VOL. 126 | NO. 180 | Thursday, September 15, 2011
Feds Seek Anonymous Jury in Drug Case
By Bill Dries
Federal prosecutors want an “anonymous jury” for the trial next year of four men accused of being contract killers for the largest drug ring ever tried in U.S. District Court for the Western District of Tennessee in Memphis.
Assistant U.S. Attorneys Greg Gilluly and David Pritchard filed the motion earlier this month in the case of Demetrious Fields, Clarence Broady, Martin Lewis and Clinton Lewis.
They are the four remaining defendants out of nine in a federal investigation that began in 2002. Through seven sets of indictments, prosecutors outlined a large, violent, multi-state drug organization with direct ties to the Sinaloa Mexican drug cartel. The organization was headed by Craig Petties, who worked directly for the cartel during six years as a fugitive in Mexico. He was captured there in 2008 and returned to the U.S.
Petties has pleaded guilty to numerous charges including racketeering and murder for hire. He is awaiting sentencing.
Petties and the others are accused of ordering and carrying out the murders of six people who were either suspected of cooperating with federal investigators or who somehow ran afoul of the organization. Their trial is scheduled to begin Jan. 17 before Memphis federal court Judge Hardy Mays.
Gilluly and Pritchard want to select the jury from the Jackson, Tenn., area, which is the eastern part of the federal court’s western division. They also want to sequester the jury and limit questioning of the jury pool so that neither the name nor the address of any potential juror will be disclosed.
“The defendants in the case at hand are very dangerous persons who were participants in large-scale organized crime, and who participated in mob-style killings and had previously attempted to interfere with judicial process,” the attorneys wrote in their Sept. 8 filing.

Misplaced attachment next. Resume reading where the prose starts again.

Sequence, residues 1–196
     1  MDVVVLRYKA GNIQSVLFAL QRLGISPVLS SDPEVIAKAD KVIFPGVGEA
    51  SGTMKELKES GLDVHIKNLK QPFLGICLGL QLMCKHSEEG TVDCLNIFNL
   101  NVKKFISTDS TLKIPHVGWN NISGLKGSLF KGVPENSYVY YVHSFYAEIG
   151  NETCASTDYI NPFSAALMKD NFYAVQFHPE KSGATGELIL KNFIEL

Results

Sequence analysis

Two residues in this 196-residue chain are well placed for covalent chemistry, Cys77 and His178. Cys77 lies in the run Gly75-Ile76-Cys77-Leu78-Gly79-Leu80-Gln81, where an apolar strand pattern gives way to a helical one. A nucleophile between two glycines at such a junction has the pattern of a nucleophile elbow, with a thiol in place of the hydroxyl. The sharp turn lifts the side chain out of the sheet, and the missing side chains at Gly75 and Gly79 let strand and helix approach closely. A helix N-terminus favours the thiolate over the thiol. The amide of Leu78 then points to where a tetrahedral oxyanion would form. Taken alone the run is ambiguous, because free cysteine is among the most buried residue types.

The Daily News accessed a copy of the motion on the federal court website before it was ordered sealed by Mays. In the request, the prosecutors present part of their case, which states Fields allegedly coordinated “the majority of the murders.”
“In addition to murders, these defendants and the organization used violence to punish those who crossed the organization,” the filing reads. “And they bribed witnesses in an attempt to corrupt judicial proceedings. … As the indictment alleges, this enterprise operated in a number of states and has ties to a Mexican cartel that is known for its violence.”
The prosecutors also allege Petties worked directly for Sinaloa cartel boss Edgar Valdez-Villareal, also known as “La Barbie.”
Valdez, from Texas, was captured a year ago near Mexico City with four armed bodyguards who were carrying a grenade launcher.
Mexican authorities say Valdez was one of several leaders in the fractured cartel waging a bloody fight across Mexico for control against each other and against the Mexican government.
The motion was a rare document in the extensive case file that wasn’t sealed when it was filed. The case has been surrounded by extraordinary secrecy because of the alleged violence. Petties’ guilty plea was sealed for longer than a year before it appeared as a notation in the electronic case file.
The same day the government sought an anonymous jury, attorneys Michael Stengel and Lee Gerald filed a motion to seal the prosecutors’ motion, saying it contained “inadmissible personal opinions and inflammatory factual allegations … which, if distributed to the potential venire, will likely make it more difficult to find impartial jurors.”
They also cited a passage in which the prosecutors mention that each defendant faces multiple life sentences in federal prison.
“There is no parole in the federal system,” the prosecution wrote. “Therefore they will serve their sentences until they are carried to their respective resting places.”
That, the prosecution argued, makes it more likely the defendants will try to tamper with the jury.
They cited the murder of Mario Stewart, who was wearing a wire for federal agents and, according to the motion filed this month, was about to testify against an unindicted coconspirator, Tobias Pride, in a trial on a state murder charge for killing yet another person, Antonio Allen. The organization believed Allen was cooperating in the federal investigation.
A seventh person mentioned in the motion, Billy Ray Myles, was allegedly shot and wounded by Clinton Lewis “for betraying the organization.” Myles was then bribed, according to prosecutors, to “lie at a preliminary hearing.”